Chief Justice Roberts's Hard Look Review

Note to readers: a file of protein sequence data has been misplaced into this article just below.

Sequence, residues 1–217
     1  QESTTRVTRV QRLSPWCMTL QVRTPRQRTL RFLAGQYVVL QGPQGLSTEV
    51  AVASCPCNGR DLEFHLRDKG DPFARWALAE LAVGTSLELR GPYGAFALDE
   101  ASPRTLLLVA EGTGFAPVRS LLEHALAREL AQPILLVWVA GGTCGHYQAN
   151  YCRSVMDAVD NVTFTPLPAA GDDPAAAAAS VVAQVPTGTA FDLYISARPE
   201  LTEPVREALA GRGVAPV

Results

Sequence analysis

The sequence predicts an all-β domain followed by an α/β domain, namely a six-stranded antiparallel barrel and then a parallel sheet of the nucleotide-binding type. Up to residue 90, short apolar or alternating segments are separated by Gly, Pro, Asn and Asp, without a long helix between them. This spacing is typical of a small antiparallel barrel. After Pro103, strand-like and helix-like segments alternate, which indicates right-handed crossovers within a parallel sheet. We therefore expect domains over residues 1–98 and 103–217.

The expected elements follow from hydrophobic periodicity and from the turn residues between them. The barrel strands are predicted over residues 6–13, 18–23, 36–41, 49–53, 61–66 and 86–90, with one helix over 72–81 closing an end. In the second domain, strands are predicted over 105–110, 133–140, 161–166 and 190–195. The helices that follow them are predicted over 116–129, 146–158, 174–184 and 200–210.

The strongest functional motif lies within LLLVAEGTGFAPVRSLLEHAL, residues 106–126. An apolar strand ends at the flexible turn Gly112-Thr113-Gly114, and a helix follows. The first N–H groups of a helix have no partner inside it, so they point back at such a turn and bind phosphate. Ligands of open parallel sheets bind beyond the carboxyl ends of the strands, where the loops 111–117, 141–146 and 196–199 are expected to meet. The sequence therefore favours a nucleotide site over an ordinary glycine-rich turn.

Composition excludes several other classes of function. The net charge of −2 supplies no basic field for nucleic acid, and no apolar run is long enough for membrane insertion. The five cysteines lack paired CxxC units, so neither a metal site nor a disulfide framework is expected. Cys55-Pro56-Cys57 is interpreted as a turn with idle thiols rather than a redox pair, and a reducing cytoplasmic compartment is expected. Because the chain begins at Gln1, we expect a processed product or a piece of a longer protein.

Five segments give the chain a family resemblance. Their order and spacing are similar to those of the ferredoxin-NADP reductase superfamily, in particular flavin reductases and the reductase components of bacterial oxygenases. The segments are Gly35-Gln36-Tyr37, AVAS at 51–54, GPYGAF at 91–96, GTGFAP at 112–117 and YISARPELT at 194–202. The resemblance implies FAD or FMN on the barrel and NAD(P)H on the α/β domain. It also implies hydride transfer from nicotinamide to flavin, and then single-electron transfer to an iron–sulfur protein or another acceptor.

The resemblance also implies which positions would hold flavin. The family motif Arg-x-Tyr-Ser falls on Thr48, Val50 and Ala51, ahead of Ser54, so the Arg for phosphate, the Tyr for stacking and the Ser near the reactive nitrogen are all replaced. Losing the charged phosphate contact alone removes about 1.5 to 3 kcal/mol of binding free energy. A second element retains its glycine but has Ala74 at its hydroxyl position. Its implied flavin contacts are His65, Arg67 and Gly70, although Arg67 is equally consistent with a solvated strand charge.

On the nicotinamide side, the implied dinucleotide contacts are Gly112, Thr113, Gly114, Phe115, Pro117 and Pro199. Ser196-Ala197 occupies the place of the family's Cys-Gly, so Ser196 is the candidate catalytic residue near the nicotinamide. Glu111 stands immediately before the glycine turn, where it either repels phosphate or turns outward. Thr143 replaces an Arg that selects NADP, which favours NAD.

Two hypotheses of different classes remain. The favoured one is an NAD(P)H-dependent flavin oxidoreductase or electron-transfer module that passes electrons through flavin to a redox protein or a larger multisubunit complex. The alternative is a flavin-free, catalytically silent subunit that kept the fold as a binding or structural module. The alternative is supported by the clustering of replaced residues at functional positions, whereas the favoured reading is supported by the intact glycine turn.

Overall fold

The U.S. Supreme Court’s 1983 decision in Motor Vehicle Manufacturers Ass’n v. State Farm Mutual Automobile Insurance Co. announced a framework for judicial review of agency actions that are challenged as arbitrary and capricious. The decision, however, left two significant questions unresolved: How much political influence in agency decisionmaking is too much to fail judicial review? And may a reviewing court scrutinize the agency’s substantive policy choice or not? This Note argues that Department of Commerce v. New York and Department of Homeland Security v. Regents of the University of California—the Court’s most recent applications of State Farm—settle these questions. This Note argues that Chief Justice Roberts’s answer to the question of how much political influence is “too much” under State Farm is that this is the wrong question to be asking. An agency’s “unstated reasons” for acting—such as political influences, motivations, presidential agendas, and the like—are excluded from the State Farm analysis. The only question for a court reviewing an agency decision pursuant to State Farm is whether the agency sufficiently engaged in reasoned decision-making. Next, this Note maintains that Chief Justice Roberts’s answer to the question of whether judicial review pursuant to State Farm permits scrutiny of an agency’s substantive policy decision is a firm no, because it is the agency, and not the reviewing court, that must engage in substantive decision-making. The focus of judicial review pursuant to State Farm is not the substance of an agency’s decision but the reason-giving process that led the agency to its substantive decision. Putting these two arguments together, this Note argues that the application of State Farm in Department of Commerce and Regents—referred to as Chief Justice Roberts’s “hard look review”—makes clear that it is an agency’s reasons for acting and its reasoning process that sit at the center of the Court’s review under State Farm.